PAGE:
Wind Energy Basics offers a how-to for home-based wind applications, with advice on which wind turbines to choose and which to avoid. He guides wind-energy installers through considerations such as renewable investment strategies and gives cautionary tales of wind applications gone wrong. And for the activist, he suggests methods of prodding federal, state, and provincial governments to promote energy independence.

Available in: Paperback, eBook

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Wind Energy Basics

Paul Gipe

Paperback $29.95

Out on a Limb

Out on a Limb

By Benjamin Kilham

In Out on a Limb, Ben Kilham invites us into the world he has come to know best: the world of black bears. 

For decades, Kilham has studied wild black bears in a vast tract of Northern New Hampshire woodlands. At times, he has also taken in orphaned infants—feeding them, walking them through the forest for months to help them decipher their natural world, and eventually reintroducing them back into the wild. Once free, the orphaned bears still regard him as their mother. And one of these bears, now a 17-year-old female, has given him extraordinary access to her daily life, opening a rare window into how she and the wild bears she lives among carry out their daily lives, raise their young, and communicate.

Witnessing this world has led to some remarkable discoveries.  For years, scientists have considered black bears to be mostly solitary.  Kilham's observations, though, reveal the extraordinary interactions wild bears have with each other. They form friendships and alliances; abide by a code of conduct that keeps their world orderly; and when their own food supplies are ample, they even help out other bears in need.  

Could these cooperative behaviors, he asks, mimic behavior that existed in the animal that became human?  In watching bears, do we see our earliest forms of communications unfold? 

Kilham's dyslexia once barred him from getting an advanced academic degree, securing funding for his research, and publishing his observations in the scientific literature. After being shunned by the traditional scientific community, though, Kilham’s unique findings now interest bear researchers worldwide. His techniques even aid scientists working with pandas in China and bears in Russia.

Moreover, the observation skills that fueled Kilham’s exceptional work turned out to be born of his dyslexia. His ability to think in pictures and decipher systems makes him a unique interpreter of the bear's world.

Out on a Limb delivers Kilham’s fascinating glimpse at the inner world of bears, and also makes a passionate case for science, and education in general, to open its doors to different ways of learning and researching—doors that could lead to far broader realms of discovery.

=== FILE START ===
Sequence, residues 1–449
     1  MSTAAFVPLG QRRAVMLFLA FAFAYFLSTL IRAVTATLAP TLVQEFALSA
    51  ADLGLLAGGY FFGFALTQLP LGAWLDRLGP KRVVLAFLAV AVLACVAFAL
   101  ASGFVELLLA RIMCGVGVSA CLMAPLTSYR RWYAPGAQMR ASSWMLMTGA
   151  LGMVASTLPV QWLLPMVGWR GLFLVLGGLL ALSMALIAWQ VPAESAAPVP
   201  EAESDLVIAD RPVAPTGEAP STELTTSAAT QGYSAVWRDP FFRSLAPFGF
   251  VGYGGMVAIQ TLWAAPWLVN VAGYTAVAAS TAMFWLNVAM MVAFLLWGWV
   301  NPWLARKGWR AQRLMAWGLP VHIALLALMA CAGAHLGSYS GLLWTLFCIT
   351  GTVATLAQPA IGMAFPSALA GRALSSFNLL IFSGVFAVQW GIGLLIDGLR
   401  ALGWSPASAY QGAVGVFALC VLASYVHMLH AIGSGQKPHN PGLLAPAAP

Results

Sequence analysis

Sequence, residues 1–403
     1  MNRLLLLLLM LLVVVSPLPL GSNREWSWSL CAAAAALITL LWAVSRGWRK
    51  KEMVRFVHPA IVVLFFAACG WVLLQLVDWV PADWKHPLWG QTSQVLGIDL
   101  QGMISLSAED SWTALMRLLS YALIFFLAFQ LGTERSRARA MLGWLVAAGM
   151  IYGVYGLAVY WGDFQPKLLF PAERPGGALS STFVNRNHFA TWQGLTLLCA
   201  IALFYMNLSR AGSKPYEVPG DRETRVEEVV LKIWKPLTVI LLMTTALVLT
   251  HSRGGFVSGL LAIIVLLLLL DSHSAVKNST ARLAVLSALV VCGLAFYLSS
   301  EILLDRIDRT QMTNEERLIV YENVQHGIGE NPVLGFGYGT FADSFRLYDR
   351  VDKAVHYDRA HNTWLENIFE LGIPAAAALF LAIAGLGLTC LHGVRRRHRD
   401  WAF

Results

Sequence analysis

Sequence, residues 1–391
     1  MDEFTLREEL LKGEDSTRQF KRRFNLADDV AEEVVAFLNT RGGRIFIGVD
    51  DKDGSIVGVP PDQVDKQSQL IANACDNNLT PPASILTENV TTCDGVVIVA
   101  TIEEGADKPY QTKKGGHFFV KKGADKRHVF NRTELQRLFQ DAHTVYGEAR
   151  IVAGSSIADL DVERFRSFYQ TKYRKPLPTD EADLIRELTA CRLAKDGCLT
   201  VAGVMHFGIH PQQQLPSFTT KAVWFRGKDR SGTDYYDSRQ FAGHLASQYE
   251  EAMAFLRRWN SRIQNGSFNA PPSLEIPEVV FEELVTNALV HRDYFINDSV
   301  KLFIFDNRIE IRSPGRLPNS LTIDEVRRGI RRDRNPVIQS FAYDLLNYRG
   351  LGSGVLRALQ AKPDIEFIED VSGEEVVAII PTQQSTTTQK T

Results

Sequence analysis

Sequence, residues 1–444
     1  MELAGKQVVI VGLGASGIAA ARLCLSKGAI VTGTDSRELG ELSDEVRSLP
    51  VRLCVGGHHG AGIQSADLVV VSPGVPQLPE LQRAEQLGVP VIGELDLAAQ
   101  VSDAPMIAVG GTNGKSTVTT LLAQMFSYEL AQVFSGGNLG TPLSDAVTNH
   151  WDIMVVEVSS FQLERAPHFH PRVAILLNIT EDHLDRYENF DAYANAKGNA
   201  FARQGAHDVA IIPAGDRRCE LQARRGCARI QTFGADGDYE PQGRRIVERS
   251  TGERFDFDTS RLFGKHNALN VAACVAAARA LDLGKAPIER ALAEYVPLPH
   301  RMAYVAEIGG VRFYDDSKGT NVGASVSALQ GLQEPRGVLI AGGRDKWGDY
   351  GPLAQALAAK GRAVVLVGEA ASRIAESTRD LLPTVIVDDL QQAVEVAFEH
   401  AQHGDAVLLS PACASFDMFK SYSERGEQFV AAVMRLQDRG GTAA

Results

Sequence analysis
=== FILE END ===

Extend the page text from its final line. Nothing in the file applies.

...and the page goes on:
Kilham and his work have been featured in five internationally televised documentaries. In addition to being on over forty nationally broadcast radio shows including National Public Radio, he has appeared on The Today ShowGood Morning AmericaABC Nightly NewsThe David Letterman Show, and more.

Available in: Hardcover

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Out on a Limb

Benjamin Kilham, Temple Grandin

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The Safari Companion

The Safari Companion

By Richard D. Estes

Since its original publication in 1993, The Safari Companion has been the best field guide to observing and understanding the behavior of African mammals. An indispensable tool for naturalists traveling to Africa, this new edition has been revised to acknowledge the enthusiasm to those watching these magnificent animals at zoos and wildlife parks, and on film.

The Safari Companion enables readers to recognize and interpret visible behavioral activities, such as courtship rituals, territorial marking, aggression, and care of young. Each account of over 80 species includes a behavioral table in which the unique actions of the hoofed mammals, carnivores, and primates are described for easy reference. In addition, useful maps show the major national boundaries, vegetation zones, and game parks relevant to the guide. The book includes an extensive glossary, as well as tips on wildlife photography, a list of organizations working to protect African wildlife, and advice on where and when to see the animals.

Available in: Paperback, eBook

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The Safari Companion

Richard D. Estes, Daniel Otte, Kathryn S. Fuller

Paperback $30.00